IR & Politics

Is banning Donald Trump’s social media accounts a democratic act?

Shortly after the Capitol attack on January 6th, 2021, Twitter, Google, and Facebook took resolute actions by banning Mr. Trump’s social media accounts. These restrictions were largely underpinned by “security concerns” arguments. However, it has raised numerous questions about whether those were the right decisions to be made, and most importantly, have these restrictions been democratic. It is hard to give concrete approval for the “democraticness” of any action per se, especially if the actions were taken in order to ensure public security. Thus, without deepening into what Mr. Trump said and how much he was involved in the Capitol attack, this paper will mainly focus on the decision taken by major communication companies such as Twitter and Facebook which have banned Mr. Trump’s accounts by depriving him of sharing his ideas with his followers and supporters not only in the US but all around the world. Probably, the best answer to this situation can be given by Professors of Political Science Robert Dahl and Guillermo O’Donnell.

Firstly, let’s remember Professor Robert Dahl who is one of the pioneers of the democratic theory (if not the first one.) According to Dr. Dahl, there are certain criteria of democratic regimes, and the absence of one of them means the regime is not democratic. Thus, in order to call a regime democratic, it must meet some requirements and citizens must have the rights: 1) to form and join organizations; 2) to freely express their ideas; 3) to vote in free and fair elections; 3) to reach alternative sources of information; 4) to be permitted to hold public offices; 5) to compete for political support.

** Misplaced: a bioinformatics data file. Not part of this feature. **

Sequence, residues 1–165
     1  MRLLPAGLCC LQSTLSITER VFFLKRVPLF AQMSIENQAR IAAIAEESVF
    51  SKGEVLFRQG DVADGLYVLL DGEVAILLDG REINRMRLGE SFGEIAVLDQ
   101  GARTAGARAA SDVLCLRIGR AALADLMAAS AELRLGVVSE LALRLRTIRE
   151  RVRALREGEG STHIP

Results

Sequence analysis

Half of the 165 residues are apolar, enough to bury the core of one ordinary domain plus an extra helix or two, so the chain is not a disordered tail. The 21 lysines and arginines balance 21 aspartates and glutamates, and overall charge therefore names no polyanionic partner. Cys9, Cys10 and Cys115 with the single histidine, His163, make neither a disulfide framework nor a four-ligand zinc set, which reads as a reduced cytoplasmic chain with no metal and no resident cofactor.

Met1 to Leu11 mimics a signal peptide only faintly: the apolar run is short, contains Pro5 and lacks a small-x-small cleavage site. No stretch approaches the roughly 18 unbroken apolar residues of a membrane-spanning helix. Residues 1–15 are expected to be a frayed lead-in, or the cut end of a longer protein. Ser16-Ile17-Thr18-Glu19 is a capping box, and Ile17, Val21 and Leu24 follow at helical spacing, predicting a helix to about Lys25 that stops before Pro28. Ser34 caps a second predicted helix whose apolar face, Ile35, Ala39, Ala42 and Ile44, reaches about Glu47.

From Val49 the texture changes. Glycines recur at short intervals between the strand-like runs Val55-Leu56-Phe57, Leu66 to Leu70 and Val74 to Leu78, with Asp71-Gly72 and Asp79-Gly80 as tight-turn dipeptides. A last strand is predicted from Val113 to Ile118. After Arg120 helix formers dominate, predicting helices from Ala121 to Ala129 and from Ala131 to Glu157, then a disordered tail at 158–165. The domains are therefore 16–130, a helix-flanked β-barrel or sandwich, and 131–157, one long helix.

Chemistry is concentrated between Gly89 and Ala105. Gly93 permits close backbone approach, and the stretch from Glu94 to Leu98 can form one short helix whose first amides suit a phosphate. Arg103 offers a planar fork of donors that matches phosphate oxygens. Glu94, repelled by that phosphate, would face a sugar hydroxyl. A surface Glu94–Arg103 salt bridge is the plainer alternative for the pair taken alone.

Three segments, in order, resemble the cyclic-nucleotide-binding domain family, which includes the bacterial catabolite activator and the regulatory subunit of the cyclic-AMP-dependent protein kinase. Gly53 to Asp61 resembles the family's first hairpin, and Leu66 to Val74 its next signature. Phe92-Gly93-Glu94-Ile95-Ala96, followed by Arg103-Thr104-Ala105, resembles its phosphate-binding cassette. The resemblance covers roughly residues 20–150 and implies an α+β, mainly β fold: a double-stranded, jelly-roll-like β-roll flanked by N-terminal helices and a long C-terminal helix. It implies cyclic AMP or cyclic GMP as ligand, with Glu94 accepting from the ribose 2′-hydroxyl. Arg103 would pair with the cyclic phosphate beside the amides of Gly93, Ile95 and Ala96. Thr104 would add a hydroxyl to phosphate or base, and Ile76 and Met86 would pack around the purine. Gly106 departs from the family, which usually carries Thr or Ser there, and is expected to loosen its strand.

These are basic requirements democratic regime, however, modern liberal democracies would certainly have more. Our task is to analyze the actions of social media platforms banning Mr. Trump’s accounts and figure out whether they contradict the basic requirements of democracy. By doing so, we will be able to call those restrictions either democratic or autocratic.

As it is mentioned, the second point of basic democracies is freedom of expression. This principle allows any citizen to freely express his / her ideas and feelings without worrying about prosecution or suppression. Consequently, shutting down Mr. Trump’s social media accounts by those who are in charge of social media platforms seems to be an undemocratic act. The reason for that is the violation of the second criteria, as Twitter and Facebook have checked the abilities of an American citizen (the President) to freely express his ideas in his posts. It must be noted that the companies did not show an example of a violation of the organizational rules and simply put it as a “national security threat” with no further extended explanation. So the private right of President Trump was violated. At least, many would think so.